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Let the curve $$y^2 = x^3 + 3x+ 5$$ be defined on $Z_{19}$ .

  1. If my private key is $d=4$ what is my public key for $P=(9,1)$ .

  2. If $H(M)=4$, find your ECDSA signature for message. Randomize the parameter $k$ (For example $k=2$).

  3. Verify the signature.

My steps :

  1. $Q = d \cdot P \pmod n$

    $Q = 4 \cdot (9,1) \pmod {17}$

    $Q = (8,11) \pmod {17}$

My public key is $Q = (8,11)$.

  1. $H(M) = 4$

    I choose $k = 2$.

    $k^{-1} \pmod n = 2^{-1} \pmod {17} => 2^{-1}=10 \pmod {17}$

    $kP = (x_1,x_2) => 2P = (15,9)$

    $r = x_1 \pmod n => r = 15 \pmod {17}=> r = 15$

    $s = k^{-1}(H(M) + d \cdot r) \pmod n => 2^{-1}(4+4\cdot 15) \pmod {17}=> s=15$

    $\therefore (r,s) = (15,15)$

  2. $w = s^{-1} \pmod n => 15^{-1} \pmod {17}=> w = 8$

    $u_1 = H(M) \cdot w \pmod n => u_1 = 4 \cdot 8 \pmod {17}=> u_1 = 15$

    $u_2 = r \cdot w \pmod n => u_2 = 15 \cdot 8 \pmod {17}=> u_2 = 1$

    $\therefore v = u_1 \cdot p+u_2 \cdot q \pmod n => v = 15 \cdot (9,1)+1 \cdot (8,11) \pmod {17}$

    $\therefore v = (15,8)$

    $\therefore x_v = 15 = r$

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  • 2
    $\begingroup$ Welcome to crypto-SE! Hint1: ECDSA with prime field (as $\mathbb Z_{19}$ is) tends to be used on curves of prime order, and I'm not seeing that. So I'd double check the givens $\mathbb Z_{19}$ and $y^2=x^3+3x+5$. They are not necessarily false, but they do seem unusual. Hint2: You use $P=(9,1)$ for the base point. I suggest to check how you get from this to the $\pmod{17}$ used in the rest of the question. That modulus must be the order of the base point in the Elliptic Curve group (thus a divisor of the whole group's order), and I'm not seeing that. $\endgroup$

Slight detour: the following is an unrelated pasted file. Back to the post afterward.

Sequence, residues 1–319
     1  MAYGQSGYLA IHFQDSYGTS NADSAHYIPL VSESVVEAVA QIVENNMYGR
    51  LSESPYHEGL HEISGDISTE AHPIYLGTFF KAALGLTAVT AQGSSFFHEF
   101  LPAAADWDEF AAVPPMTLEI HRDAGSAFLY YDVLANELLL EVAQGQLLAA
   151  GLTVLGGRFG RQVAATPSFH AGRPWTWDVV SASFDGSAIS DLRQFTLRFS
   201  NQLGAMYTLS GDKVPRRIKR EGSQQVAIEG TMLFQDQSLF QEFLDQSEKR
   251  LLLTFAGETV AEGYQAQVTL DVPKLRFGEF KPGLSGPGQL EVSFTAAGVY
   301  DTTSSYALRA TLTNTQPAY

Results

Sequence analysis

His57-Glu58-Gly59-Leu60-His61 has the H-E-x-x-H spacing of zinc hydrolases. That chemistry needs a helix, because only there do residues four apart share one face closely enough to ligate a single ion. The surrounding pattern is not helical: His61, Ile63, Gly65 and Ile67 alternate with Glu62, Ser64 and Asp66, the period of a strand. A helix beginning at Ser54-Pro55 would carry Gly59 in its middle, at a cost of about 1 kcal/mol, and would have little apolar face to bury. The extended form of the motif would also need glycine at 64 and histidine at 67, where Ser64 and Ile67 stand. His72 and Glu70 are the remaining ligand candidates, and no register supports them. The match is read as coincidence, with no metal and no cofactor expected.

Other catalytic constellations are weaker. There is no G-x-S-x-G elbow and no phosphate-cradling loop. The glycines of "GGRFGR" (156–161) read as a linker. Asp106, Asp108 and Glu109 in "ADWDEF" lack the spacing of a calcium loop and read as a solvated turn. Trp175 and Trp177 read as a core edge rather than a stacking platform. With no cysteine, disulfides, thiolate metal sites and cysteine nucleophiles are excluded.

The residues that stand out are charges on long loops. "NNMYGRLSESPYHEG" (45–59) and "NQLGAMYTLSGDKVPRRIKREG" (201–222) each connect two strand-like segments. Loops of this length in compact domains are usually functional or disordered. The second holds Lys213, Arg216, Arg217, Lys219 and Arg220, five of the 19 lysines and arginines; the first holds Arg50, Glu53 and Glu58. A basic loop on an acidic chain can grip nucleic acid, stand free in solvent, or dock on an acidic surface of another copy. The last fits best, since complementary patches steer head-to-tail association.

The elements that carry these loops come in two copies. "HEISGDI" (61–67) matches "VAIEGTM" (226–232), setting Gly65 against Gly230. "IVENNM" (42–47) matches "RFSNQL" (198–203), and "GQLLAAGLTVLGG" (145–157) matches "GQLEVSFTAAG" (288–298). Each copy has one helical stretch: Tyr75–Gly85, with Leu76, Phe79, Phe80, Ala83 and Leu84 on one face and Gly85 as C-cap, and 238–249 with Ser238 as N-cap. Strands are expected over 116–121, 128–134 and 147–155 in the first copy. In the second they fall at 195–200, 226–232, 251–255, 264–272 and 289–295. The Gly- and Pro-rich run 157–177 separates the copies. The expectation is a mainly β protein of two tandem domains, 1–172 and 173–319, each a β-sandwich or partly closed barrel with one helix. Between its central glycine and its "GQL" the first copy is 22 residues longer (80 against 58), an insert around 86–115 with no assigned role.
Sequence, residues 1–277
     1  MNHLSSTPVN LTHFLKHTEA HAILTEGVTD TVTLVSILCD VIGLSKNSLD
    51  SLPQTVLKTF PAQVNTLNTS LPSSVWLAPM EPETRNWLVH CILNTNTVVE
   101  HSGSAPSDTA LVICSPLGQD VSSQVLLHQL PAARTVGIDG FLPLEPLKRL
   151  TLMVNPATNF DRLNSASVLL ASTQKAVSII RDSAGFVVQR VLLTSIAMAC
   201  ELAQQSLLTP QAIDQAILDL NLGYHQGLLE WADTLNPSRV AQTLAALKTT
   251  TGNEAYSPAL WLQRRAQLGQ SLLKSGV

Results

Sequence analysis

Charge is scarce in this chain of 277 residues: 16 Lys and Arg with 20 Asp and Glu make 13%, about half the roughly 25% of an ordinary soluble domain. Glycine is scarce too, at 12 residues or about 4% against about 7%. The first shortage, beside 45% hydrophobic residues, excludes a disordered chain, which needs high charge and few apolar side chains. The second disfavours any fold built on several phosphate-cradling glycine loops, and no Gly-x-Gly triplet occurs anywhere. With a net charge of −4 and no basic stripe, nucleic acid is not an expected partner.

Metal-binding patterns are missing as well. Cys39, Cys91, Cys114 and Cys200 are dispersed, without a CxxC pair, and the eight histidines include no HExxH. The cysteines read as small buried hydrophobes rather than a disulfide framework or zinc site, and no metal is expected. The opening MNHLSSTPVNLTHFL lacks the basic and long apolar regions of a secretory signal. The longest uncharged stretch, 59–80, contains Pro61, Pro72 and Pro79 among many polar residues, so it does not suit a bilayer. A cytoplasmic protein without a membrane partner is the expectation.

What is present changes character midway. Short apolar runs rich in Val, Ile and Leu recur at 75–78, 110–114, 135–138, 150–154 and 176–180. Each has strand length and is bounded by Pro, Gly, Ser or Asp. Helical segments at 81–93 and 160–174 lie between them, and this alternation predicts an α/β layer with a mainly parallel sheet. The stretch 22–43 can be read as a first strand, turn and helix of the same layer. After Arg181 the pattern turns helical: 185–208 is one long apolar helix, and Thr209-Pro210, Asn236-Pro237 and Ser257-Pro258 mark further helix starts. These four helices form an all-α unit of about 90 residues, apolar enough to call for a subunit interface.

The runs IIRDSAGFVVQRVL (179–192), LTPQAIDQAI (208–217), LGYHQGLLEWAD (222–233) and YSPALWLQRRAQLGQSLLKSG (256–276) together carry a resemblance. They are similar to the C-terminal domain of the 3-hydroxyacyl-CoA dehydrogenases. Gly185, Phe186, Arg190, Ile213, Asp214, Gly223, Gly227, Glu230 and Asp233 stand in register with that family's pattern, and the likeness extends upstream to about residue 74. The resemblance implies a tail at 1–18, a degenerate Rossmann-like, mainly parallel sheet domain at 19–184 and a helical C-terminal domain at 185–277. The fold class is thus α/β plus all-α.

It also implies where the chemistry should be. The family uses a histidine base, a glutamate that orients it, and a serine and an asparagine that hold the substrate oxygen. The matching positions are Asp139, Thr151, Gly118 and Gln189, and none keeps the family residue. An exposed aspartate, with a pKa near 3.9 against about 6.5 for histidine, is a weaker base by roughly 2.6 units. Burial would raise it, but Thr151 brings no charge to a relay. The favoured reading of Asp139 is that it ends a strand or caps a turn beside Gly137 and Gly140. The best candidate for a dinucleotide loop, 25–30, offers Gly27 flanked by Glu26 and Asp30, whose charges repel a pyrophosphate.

– fgrieu
    May 28 '21 at 5:14
  • $\begingroup$ Because $Z_{17}$ subgroup of $Z_{19}$ $\endgroup$
    – Tez
    May 28 '21 at 14:03
  • $\begingroup$ $\mathbb Z_{17}$ is not a subgroup of $\mathbb Z_{19}$. Proof: the order of a subgroup of a finite group always divides the order of that group. $n$ is the order of the subgroup generated by $P$ in the Elliptic Curve group. For very small fields, you can obtain the group order by counting the solutions $(x,y)$ to the curve's equation (with $x$ and $y$ in the field), and adding one for the group's neutral. Again, that's a prime for most standard ECDSA curves on a prime field (as $\mathbb Z_{19}$ is). $\endgroup$
    – fgrieu
    May 28 '21 at 16:16
  • $\begingroup$ I understand. Do you have an answer for this question? Can you help me? $\endgroup$
    – Tez
    May 28 '21 at 17:28
  • $\begingroup$ Read our policy on homework. Assuming the (unusual) givens $\mathbb Z_{19}$ and $y^2=x^3+3x+5$ are OK, and $P=(9,1)$: your $Q=(8,11)\pmod {17}$ is no match, drops from nowhere, and also uses an unusual $Q=d\cdot P\pmod n$ notation. First step for (1.) is applying point doubling to get $4\cdot P$ (you got that part right), by doubling $P$, then doubling it again; show that result for (1.). First step for (2.) is finding the order $n$ of $P$. $\endgroup$
    – fgrieu
    May 29 '21 at 6:59

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